We advance health through transformational discoveries across disciplines, from Alzheimer’s to zinc digestibility. These impacts are made possible through public and private investments, legislator support, multi-institutional partnerships, and the dedication of faculty and student scholars.
Below, we showcase recent examples of our most impactful research in the area of health and wellness. You can also view and download a pdf version and subscribe to one of our ACES e-newsletters to stay abreast of new developments in ACES research.
Discover Our Health & Wellness Research
Avocados are Good for Your Gut
Avocados are rich in nutrients, including dietary fiber and monounsaturated fat. They also improve gut health, a team of ACES scientists says. The researchers, who specialize in dietary modulation of the microbiome and its connections to health, studied how avocado consumption impacts gastrointestinal microbiota. They found people who ate avocado every day as part of a meal had a greater abundance of gut microbes that break down fiber, produced more metabolites that support gut health, and had greater microbial diversity than a control group of people who ate similarly, but avocado-free meals. In another study, they also showed an avocado a day can redistribute belly fat in women by reducing deeper, visceral abdominal fat. The researchers concluded daily avocado consumption promotes gut health by feeding the gut microbes that help us break down dietary fibers.
Hannah Holscher, Food Science and Human Nutrition (FSHN), Division of Nutritional Sciences (DNS)
Sharon Thompson, DNS
Melisa Bailey, DNS
Andrew Taylor, FSHN
Jennifer Kaczmarek, DNS
Annemarie Mysonhimer, FSHN
Caitlyn Edwards, DNS
Nicholas Burd, DNS
Naiman Khan, DNS
Bridget Hannon, DNS
Barbara Fiese, Human Development and Family Studies
The Hass Avocado Board, the USDA National Institute of Food and Agriculture, and the ACES Division of Nutritional Sciences.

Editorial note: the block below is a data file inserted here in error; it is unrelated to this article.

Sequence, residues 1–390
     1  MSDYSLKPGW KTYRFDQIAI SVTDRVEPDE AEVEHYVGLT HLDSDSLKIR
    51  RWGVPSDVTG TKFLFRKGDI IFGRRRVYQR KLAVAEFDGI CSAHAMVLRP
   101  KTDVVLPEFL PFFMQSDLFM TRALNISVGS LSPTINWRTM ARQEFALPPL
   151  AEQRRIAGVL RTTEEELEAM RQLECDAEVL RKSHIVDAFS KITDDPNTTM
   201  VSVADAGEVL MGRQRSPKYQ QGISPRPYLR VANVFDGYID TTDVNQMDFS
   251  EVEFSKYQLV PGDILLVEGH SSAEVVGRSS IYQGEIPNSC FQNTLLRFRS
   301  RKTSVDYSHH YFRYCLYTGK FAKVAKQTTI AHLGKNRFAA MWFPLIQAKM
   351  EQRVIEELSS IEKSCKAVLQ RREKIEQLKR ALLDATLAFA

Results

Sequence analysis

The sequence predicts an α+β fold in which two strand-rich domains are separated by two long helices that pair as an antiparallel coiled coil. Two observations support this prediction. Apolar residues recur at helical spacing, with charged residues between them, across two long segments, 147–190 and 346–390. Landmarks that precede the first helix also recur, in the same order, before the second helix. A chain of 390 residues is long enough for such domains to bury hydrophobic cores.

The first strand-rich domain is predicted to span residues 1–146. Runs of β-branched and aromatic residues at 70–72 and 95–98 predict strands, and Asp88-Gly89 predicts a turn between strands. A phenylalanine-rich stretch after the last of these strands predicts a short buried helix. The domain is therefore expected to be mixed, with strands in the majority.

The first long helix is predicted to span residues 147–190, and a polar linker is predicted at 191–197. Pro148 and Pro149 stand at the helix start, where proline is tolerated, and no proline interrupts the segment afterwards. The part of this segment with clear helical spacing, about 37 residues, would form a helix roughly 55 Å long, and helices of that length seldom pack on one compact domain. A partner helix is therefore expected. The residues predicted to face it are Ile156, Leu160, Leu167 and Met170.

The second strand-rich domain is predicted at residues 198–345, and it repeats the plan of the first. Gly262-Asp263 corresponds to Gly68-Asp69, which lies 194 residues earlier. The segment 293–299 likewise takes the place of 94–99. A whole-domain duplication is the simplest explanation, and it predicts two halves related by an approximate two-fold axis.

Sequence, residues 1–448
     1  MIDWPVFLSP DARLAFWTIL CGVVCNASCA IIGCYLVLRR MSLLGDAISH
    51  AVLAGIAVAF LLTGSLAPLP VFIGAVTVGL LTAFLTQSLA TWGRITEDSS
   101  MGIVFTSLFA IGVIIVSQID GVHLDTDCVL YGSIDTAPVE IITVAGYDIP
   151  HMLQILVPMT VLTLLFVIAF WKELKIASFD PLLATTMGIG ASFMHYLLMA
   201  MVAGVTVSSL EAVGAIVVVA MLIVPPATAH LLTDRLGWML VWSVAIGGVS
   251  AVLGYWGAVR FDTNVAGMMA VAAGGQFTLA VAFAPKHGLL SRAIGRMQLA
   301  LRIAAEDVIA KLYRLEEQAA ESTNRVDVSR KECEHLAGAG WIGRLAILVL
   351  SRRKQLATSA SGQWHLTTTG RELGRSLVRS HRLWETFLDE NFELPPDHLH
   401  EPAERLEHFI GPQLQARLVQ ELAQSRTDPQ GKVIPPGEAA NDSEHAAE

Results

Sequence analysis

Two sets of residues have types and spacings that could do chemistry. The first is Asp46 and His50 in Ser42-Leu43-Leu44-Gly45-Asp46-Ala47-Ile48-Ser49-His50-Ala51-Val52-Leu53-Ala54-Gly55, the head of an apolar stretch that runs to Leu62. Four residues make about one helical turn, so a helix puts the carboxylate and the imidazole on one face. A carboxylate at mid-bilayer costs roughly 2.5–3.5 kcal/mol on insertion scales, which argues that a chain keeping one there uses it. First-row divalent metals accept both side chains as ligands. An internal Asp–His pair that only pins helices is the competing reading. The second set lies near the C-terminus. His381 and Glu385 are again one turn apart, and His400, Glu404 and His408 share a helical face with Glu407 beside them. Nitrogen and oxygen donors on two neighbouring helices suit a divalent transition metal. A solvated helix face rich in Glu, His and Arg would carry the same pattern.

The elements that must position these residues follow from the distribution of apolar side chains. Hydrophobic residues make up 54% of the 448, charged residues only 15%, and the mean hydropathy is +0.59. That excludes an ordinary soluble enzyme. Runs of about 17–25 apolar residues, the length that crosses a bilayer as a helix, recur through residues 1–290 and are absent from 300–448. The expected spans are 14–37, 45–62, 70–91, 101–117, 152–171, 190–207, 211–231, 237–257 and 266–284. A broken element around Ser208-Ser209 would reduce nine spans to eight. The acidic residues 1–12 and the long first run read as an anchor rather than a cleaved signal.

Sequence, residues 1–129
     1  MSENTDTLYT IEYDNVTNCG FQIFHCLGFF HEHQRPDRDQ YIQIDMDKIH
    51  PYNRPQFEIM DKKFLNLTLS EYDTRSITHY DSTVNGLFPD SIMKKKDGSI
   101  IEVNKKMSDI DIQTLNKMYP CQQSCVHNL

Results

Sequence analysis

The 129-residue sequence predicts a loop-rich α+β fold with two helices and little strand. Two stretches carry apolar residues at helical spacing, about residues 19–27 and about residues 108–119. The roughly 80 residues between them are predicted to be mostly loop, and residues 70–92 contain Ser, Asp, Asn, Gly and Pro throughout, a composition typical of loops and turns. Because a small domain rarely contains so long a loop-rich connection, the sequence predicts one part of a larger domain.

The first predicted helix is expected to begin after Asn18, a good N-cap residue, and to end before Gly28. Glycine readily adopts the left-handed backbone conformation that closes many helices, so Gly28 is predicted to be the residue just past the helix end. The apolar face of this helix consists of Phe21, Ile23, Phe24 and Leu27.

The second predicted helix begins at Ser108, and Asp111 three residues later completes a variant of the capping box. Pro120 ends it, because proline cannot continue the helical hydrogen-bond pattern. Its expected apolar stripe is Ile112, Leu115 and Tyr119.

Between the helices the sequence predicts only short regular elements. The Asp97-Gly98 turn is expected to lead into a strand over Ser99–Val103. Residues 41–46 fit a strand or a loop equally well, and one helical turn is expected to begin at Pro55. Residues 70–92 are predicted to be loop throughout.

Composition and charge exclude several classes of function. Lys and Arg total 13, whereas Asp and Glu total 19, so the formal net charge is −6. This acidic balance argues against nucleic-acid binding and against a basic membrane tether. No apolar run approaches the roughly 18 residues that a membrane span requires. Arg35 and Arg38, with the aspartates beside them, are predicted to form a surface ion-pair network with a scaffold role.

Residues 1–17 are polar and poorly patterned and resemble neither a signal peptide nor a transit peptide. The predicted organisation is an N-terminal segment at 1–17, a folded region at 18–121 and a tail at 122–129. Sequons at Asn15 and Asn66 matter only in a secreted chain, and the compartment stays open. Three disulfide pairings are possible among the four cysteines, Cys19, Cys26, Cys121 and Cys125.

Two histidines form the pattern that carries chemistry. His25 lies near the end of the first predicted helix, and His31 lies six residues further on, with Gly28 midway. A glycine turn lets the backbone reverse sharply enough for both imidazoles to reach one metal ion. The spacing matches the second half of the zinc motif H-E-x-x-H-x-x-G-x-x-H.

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Bedtime Routines for Children
Getting young children to sleep at night can be a challenge for parents and caregivers. But developing consistent habits can help, according to ACES researchers. The research team studied how bedtime routines affect sleep outcomes for children during the first two years of life. They found reading books and cuddling with caregivers can make a big difference, if done consistently. Beginning these routines when infants are 3 months old promotes better sleep habits through age 2. And when caregivers engaged in more bedtime-related activities with their infants at 12 months, the children slept longer and had fewer sleep problems at ages 18 months and 24 months. The research was part of STRONG Kids 2, a program within the Family Resiliency Center promoting nutrition and healthy habits in families with young children.
Barbara Fiese, Human Development and Family Studies (HDFS)
Kelly Bost, HDFS
Tianying Cai, HDFS
The Christopher Family Foundation, the National Dairy Council, and the U.S. Department of Agriculture
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Taste Loss in Cancer Survivors
Loss of taste is a frequently underappreciated but serious side effect of disease—or disease treatment—that can diminish the desire to eat and affect the quality of life. Most survivors of squamous cell head and neck cancers report their sense of taste is changed or lost during radiation treatment and many complain of taste dysfunction long after treatment is completed. ACES researchers found the tips of the tongues of head and neck cancer survivors were significantly less sensitive to detect or identify bitter, salty, or sweet tastes than those in a control group who had never been diagnosed with cancer. This suggests certain taste bud cells or a branch of a facial nerve carrying signals from the tip of the tongue to the brain—may have been damaged during radiation therapy.
M. Yanina Pepino, Food Science and Human Nutrition (FSHN)
Anna E. Arthur, FSHN
The U.S. Department of Agriculture National Institute of Food and Agriculture, the Academy of Nutrition and Dietetics, and the Division of Nutritional Sciences at U of I
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Sow Disease in Post-natal Piglets
When sows get sick during critical stages of pregnancy, the offspring are at risk of developing neurological disorders that may make them less successful in production settings. And when these piglets experience a second stressful event early in life, they're even more prone to abnormalities in the brain. That's especially true for male piglets, according to recent research from ACES animal scientists. The finding is relevant to swine producers aiming to raise the healthiest possible herds, but it also could shed light on human neurological disorders such as autism and schizophrenia. ACES scientists are global leaders in the development of the domestic pig as a biomedical research model, having mapped the pig genome, analyzed behavioral patterns, detected biomarkers of health and production, and more.
Sandra Rodriguez-Zas, Animal Sciences (ANSC)
Rod Johnson, ANSC
Laurie Rund, ANSC
Adrienne Antonson, ANSC
Marissa R Keever-Keigher, ANSC
Haley Rymut, ANSC
National Institutes of Health and the U.S. Department of Agriculture’s “Dual Purpose for Dual Benefit” program
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